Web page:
Advertisement

Modeling to Predict High Pb Areas

  • Kirsten SchwarzEmail author
Chapter

Abstract

In many older US cities, the amount of lead in soil is elevated well beyond natural background levels (Zhai et al. 2003; Mielke et al. 2004; Wong et al. 2006). Lead is naturally present in very low levels in soil; however, soil lead in cities is a legacy pollutant – one that has persisted in landscapes long after historic inputs have been reduced. Although still present in some consumer products, lead was phased out of two major anthropogenic sources, lead-based paint and leaded gasoline, in the 1970s and 1980s (Kerr and Newell 2003). Lead’s many useful properties – soft, malleable, and stable – made it a candidate for industrial additives. Lead was added to paint as a pigment and to make it more durable and to gasoline to reduce engine knocking caused by the incomplete combustion of fuel. Once released into the environment, lead persists for a very long time. Lead particles released in car exhaust and chipping, peeling old paint can bind to soil, where they remain – sometimes for centuries (Reiners et al. 1975; Smith and Siccama 1981). This is why lead, a legacy pollutant, is still considered a contemporary public health concern – new inputs have been curtailed but legacy lead remains. Soil lead is quite ubiquitous in the urban environment, dispersed along road networks through the combustion of leaded gasoline and surrounding a large proportion of our nation’s older housing stock through the application of lead-based paint. In addition, soil lead can continue to be redistributed through the urban environment with the air-and water-borne transport of soil particles.

Keywords

Land Cover Blood Lead Level Housing Stock Urban Land Cover Land Cover Feature 
These keywords were added by machine and not by the authors. This process is experimental and the keywords may be updated as the learning algorithm improves.

References

  1. Aschengrau A, Beiser A, Bellinger D, Copenhafer D, Weitzman M (1994) The impact of soil Pb abatement on urban children’s blood Pb levels: phase II results from the Boston Pb-in-soil demonstration project. Environ Res 67:125–148CrossRefPubMedGoogle Scholar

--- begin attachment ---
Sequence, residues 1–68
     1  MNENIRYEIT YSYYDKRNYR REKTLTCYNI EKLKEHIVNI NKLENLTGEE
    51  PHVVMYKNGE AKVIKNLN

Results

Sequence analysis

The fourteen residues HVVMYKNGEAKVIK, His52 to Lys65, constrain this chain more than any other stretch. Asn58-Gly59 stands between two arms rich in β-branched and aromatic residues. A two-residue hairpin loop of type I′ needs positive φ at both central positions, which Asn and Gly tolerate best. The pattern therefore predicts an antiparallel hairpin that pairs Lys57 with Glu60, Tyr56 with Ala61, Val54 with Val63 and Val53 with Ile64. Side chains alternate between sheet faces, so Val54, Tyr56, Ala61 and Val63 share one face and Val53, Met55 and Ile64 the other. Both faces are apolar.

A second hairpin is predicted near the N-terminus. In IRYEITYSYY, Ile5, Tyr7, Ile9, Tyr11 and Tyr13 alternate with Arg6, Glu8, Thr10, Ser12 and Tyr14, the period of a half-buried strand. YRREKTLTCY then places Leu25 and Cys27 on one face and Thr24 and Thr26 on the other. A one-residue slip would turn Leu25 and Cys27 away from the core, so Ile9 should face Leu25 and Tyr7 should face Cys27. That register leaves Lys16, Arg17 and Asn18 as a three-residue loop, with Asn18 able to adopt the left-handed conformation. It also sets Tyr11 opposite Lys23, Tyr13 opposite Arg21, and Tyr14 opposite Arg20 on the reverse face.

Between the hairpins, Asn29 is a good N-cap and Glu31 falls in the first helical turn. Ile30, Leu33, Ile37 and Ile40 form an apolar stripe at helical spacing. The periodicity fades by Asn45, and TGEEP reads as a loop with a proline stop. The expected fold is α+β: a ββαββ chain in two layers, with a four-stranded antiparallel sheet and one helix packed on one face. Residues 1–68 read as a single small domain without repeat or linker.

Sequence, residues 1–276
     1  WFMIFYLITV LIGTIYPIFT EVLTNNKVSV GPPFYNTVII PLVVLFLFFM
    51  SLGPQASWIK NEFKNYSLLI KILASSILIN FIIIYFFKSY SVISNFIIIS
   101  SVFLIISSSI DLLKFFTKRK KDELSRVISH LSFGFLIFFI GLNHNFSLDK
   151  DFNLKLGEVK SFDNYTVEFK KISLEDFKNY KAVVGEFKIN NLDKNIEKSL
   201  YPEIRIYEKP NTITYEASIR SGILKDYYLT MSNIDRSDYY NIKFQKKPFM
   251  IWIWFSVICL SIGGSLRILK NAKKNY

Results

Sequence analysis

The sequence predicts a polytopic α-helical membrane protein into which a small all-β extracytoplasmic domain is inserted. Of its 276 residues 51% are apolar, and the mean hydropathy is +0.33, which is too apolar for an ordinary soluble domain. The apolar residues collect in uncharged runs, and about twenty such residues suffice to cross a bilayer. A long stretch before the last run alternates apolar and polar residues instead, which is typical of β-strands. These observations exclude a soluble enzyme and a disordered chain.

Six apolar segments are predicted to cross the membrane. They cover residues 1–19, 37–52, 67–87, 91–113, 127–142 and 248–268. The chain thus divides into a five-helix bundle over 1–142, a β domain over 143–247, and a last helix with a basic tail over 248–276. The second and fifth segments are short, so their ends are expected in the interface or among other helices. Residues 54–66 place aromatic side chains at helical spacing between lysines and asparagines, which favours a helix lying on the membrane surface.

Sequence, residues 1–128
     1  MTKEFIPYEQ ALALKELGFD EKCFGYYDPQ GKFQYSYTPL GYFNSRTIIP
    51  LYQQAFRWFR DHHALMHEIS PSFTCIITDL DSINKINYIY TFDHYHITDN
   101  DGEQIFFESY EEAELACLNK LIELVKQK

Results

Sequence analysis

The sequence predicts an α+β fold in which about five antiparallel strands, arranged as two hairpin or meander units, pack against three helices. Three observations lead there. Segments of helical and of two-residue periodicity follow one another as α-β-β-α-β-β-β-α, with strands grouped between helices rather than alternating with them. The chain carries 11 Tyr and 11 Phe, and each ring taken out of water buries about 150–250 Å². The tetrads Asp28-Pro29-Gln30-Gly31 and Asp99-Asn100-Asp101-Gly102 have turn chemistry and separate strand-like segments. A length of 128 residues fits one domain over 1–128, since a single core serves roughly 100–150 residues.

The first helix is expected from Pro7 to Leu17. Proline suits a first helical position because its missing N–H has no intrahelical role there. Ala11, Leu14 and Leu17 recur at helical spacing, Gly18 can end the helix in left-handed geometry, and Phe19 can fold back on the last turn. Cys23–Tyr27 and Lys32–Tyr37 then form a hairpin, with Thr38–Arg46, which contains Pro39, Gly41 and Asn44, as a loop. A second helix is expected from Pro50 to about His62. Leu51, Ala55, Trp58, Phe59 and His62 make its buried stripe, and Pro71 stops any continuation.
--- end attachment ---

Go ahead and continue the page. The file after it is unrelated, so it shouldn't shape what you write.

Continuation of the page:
2. Breiman L, Friedman J, Stone CJ, Olshen RA (1984) Classification and regression trees. Chapman and Hall, LondonGoogle Scholar
  3. Browne FL, Laughnan DF (1953) Effect of coating thickness on the performance of house paints under different programs of maintenance. Off Dig 338:137–159Google Scholar
  4. Cattle JA, McBratney AB, Minasny B (2002) Kriging method evaluation for assessing the spatial distribution of urban soil Pb contamination. J Environ Qual 31:1576–1588CrossRefPubMedGoogle Scholar
  5. Centers for Disease Control (CDC) (2012) CDC response to advisory committee on childhood lead poisoning prevention recommendations in “Low level lead exposure harms children: A renewed call of primary prevention.” Atlanta. US Department of Health and Human Services. Available at http://www.cdc.gov/nceh/lead/acclpp/final_document_030712.pdf. Accessed 1 Nov 2013
  6. Chaney RL, Sterrett SB, Mielke HW (1984) The potential for heavy metal exposure from urban gardens and soil. In: Preer JR (ed) Proc. symp. heavy metals in urban gardens. univ. dist. Columbia Extension Service, Washington, DCGoogle Scholar
  7. Clark HF, Hausladen D, Brabander DJ (2008) Urban gardens: lead exposure, recontamination mechanisms, and implications for remediation design. Environ Res 107(3):312–319CrossRefPubMedGoogle Scholar
  8. Cook R, Ni L (2007) Elevated soil lead: statistical modeling and apportionment of contributions from lead-based paint and leaded gasoline. Ann Appl Stat 1(1):130–151CrossRefGoogle Scholar
  9. Craigmill A, Harivandi A (2010) Home gardens and lead: what you should know about growing plants in lead-contaminated soil. University of California Agriculture and Natural ResourcesGoogle Scholar
  10. Cutler DR, Edwards TC Jr, Beard KH, Cutler A, Hess KT, Gibson J, Lawler JJ (2007) Random forests for classification in ecology. Ecology 88(11):2783–2792CrossRefPubMedGoogle Scholar
  11. De’ath G, Fabricius KE (2000) Classification and regression trees: a powerful yet simple technique for ecological data analysis. Ecology 81(11):3178–3192CrossRefGoogle Scholar
  12. Duggan MJ, Inskip MJ (1985) Childhood exposure to Pb in surface dust and soil: a community health problem. Public Health Rev 13:1–54PubMedGoogle Scholar
  13. Kelly J, Thornton I, Simpson PR (1996) Urban geochemistry: a study of the influence of anthropogenic activity on the heavy metal content of soils in traditionally industrial and non-industrial areas of Britain. Appl Geochem 11:363–370CrossRefGoogle Scholar
  14. Kerr S, Newell RG (2003) Policy-induced technology adoption: evidence from the U.S. lead phasedown. J Ind Econ 51(3):317–343CrossRefGoogle Scholar
  15. Koller K, Brown T, Spurgeon A, Levy L (2004) Recent developments in low-level Pb exposure and intellectual impairment in children. Environ Health Perspect 112(9):987–994CrossRefPubMedPubMedCentralGoogle Scholar